Monday, 11 October 2010

cmyk printing

The CMYK colour system is extremely common in the printing world. When a printing method - be it lithographic, rotogravure, flexographic, digital, screen or pad - makes use of the CMYK method, it uses only Cyan, Magenta, Yellow and Black (Key) to produce all the colours in the printed image. These colours are also known as 'Process Colours'. For all print methods listed other than digital, 4 plates are created (one for each colour) which print the exact quantities of Cyan, Magenta, Yellow and Black for the image to come together. By overprinting the colours, using the plates and full colour image is produced. For example, if I wanted to print this photograph of Eric Clapton in a lithographic printing process, I would have 4 CMYK plates produced for the printing process. If printed individually, this is what they would look like:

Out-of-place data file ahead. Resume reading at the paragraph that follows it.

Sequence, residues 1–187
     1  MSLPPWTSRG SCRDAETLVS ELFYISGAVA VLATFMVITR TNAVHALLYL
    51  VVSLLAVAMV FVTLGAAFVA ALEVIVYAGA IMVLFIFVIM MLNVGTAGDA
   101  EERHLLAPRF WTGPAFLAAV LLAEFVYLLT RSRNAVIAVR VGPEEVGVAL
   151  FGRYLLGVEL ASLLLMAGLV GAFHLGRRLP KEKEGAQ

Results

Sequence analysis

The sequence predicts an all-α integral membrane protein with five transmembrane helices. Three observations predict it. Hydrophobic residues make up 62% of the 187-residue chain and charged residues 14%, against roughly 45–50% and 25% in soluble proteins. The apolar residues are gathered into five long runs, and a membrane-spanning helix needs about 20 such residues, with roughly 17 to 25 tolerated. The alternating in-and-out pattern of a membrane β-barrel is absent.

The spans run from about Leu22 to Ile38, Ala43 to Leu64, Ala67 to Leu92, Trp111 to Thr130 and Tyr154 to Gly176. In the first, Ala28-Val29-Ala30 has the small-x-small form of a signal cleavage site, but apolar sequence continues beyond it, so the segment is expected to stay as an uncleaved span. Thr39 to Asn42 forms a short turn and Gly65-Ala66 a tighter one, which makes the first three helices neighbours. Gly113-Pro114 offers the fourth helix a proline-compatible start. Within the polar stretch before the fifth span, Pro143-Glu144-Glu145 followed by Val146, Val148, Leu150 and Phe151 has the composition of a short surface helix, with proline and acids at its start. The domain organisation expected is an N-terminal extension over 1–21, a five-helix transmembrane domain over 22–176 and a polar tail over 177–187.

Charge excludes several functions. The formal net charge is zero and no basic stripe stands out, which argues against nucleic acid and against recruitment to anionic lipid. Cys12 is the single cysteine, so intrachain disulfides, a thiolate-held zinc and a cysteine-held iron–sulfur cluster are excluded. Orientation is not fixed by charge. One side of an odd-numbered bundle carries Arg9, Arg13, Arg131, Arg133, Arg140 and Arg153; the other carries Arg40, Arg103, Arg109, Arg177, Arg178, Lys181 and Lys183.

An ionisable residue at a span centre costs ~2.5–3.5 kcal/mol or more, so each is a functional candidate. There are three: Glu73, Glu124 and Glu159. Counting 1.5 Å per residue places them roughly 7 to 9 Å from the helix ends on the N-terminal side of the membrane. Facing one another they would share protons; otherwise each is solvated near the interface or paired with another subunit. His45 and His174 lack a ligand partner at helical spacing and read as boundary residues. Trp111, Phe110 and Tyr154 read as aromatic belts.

Black (Key)

And when printed over each other, a full colour image is revealed. It is a SUBTRACTIVE PROCESS due to the fact that it works by building colours onto white to create black. This is taking the white out and reducing it. It subtracts the light from the image, hence why it has its name.

Here is the full colour CMYK image of Eric Clapton:

CMYK Clapton

And that is how the CMYK printing process works for all commercial printing processes. CMYK is a versatile and cost friendly print process that has made it's status in the printing world.

Be seeing you!

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